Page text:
Your home basement can be a cozy home away from (or underneath) home if it’s properly maintained. However, during colder weather, it’s common for basements to miss out on the benefits of home heating systems. While this can be great in during the summer months, it’s not ideal for when you’re heating your home on the coldest winter nights. Whether you have a tenant staying in your basement or simply want to make the space less chilly and more livable, it helps to find better ways to turn your below-ground space into a warm, comfortable environment to beat that damp winter chill. It doesn’t matter how your home is heated or cooled overall. Your basement doesn’t have to suffer from moisture issues and unreliable temperature control. If you want to learn how to turn your basement into a perfectly-heated space, visit this website or read on for some helpful tips.
Fix Up Your Ducts
While you might be resigned to the idea of having a freezing cold basement during the winter, there’s a fair chance that extending your ducts could create more even distribution for your below-ground area. Most homes come equipped with a central heating system that distributes its hot air through a series of ducts that are plainly visible. By extending these ducts, you can get some of your heat down to the basement easily. The only catch is that you may have to hire a contractor to help you out. Since ductwork isn’t the easiest to fix by hand, you’ll want to call in a professional to make sure you’re not totally screwing up your home’s entire heating and cooling system. You also might want to think about whether your current system can actually handle heating another room without watering down the current temperature. If your home is more drafty to begin with, this may not be the option for you.
Use Creative Permanent Heating Solutions
There are tons of ways that you can easily heat your basement without rewiring your whole house. One of the simplest ways is to install an electric baseboard heater. These heaters are large units that you can install to channel heat to a specific area. If you’re dealing with a damp patch, a particularly chilly area, or a smaller basement that can be easily heated with a centrally-installed unit, baseboard heaters could be a great solution. However, if you think a more localized solution won’t be enough to give a larger basement the toastiness it needs, you might want to get a bit more creative.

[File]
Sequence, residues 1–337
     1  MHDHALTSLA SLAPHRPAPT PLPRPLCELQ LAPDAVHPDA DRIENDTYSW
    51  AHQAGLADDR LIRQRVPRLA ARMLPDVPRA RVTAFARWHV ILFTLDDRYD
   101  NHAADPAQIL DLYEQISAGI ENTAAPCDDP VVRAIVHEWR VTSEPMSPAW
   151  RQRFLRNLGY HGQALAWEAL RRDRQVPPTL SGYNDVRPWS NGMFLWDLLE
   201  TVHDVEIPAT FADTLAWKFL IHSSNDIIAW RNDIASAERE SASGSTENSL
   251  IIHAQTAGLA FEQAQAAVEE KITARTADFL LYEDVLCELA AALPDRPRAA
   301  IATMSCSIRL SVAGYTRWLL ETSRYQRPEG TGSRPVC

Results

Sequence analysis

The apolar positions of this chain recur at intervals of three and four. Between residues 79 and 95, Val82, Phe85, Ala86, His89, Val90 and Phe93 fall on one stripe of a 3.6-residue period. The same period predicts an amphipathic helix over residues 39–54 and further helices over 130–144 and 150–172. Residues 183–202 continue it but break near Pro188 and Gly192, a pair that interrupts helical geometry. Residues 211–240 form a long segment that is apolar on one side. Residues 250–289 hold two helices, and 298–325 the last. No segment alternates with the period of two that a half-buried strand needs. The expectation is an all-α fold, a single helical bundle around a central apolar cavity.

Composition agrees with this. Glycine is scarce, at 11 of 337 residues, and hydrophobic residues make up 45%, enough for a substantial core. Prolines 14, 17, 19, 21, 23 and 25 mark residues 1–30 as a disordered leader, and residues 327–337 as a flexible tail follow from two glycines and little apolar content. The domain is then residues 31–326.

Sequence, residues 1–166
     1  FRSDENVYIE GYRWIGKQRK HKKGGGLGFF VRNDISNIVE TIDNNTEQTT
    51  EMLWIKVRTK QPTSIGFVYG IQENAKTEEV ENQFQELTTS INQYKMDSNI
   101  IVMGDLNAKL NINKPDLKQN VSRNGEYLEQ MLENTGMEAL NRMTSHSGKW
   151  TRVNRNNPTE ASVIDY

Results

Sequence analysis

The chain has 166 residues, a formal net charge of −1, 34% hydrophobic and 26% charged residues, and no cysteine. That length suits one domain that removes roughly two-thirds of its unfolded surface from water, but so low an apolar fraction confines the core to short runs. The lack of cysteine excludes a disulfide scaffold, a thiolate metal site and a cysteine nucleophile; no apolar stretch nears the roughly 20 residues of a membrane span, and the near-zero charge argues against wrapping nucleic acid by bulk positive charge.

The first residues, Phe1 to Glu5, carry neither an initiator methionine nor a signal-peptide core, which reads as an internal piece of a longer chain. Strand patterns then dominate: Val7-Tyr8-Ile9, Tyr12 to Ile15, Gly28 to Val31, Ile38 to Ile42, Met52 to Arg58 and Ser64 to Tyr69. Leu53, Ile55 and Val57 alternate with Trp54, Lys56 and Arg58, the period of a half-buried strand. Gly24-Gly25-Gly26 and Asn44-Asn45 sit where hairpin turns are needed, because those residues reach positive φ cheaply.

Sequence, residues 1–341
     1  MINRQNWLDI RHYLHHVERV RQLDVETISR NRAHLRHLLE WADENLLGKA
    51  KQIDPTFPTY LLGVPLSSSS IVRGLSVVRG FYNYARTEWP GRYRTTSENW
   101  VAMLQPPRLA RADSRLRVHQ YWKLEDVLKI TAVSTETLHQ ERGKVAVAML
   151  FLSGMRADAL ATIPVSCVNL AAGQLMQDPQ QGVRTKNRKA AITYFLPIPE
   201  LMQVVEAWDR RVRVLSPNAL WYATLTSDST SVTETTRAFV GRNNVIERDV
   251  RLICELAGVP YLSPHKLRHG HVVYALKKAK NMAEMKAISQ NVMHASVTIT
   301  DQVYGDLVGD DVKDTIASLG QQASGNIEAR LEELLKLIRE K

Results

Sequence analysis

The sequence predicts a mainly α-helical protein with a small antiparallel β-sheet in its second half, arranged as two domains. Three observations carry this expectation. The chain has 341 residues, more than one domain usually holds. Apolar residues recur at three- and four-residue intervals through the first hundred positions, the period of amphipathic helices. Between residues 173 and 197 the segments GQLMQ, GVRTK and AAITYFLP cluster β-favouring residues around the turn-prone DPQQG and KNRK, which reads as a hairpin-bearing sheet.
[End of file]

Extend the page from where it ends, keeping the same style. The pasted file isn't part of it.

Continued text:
Try Moveable Heaters
Since they have to stay in one place, baseboard heaters usually require a professional to set them up properly. Heaters that are portable or movable, however, as extremely easy to set up and can flexibly heat larger basement areas depending on different factors. If your basement is less predictable in terms of where it gets chilly or damp, movable heaters, such as baseboards that can be plugged in, can be a great option. These are essentially gigantic space heaters that cover a lot of ground. As a result, they tend to be clunky and inelegant to look at. Still, if you’re not too worried about how things look and you want to be able to move them around in a pinch, they’re an ideal option.
Use Space Heaters or Stoves
When you need to heat up a small room quickly, there’s no simpler solution than to bring in a space heater. These units are cheap, reliable, and easily portable from one room to another. The downside? They tend to be quite small, and can only heat up a tinier portion of a large room. If you’re placing a small space heater in a large area, chances are you’re not going to get an amazing result. That’s why it’s best to only use space heaters in areas where there’s a closing door or an easy way to trap the hot air in. Another drawback is that space heaters should always be supervised. While it’s possible to sleep with a space heater going, it’s not generally advised. Smaller heaters could easily tip over in the night and become a fire hazard, so if you’re worried about safety, you might want to go with a more sturdy option such as a plug-in or permanent baseboard. If you’re worried about energy efficiency, you could also add a small wood-burning stove, which can be fed with wood pellets and easily create a source of non-electrical heat in a smaller space.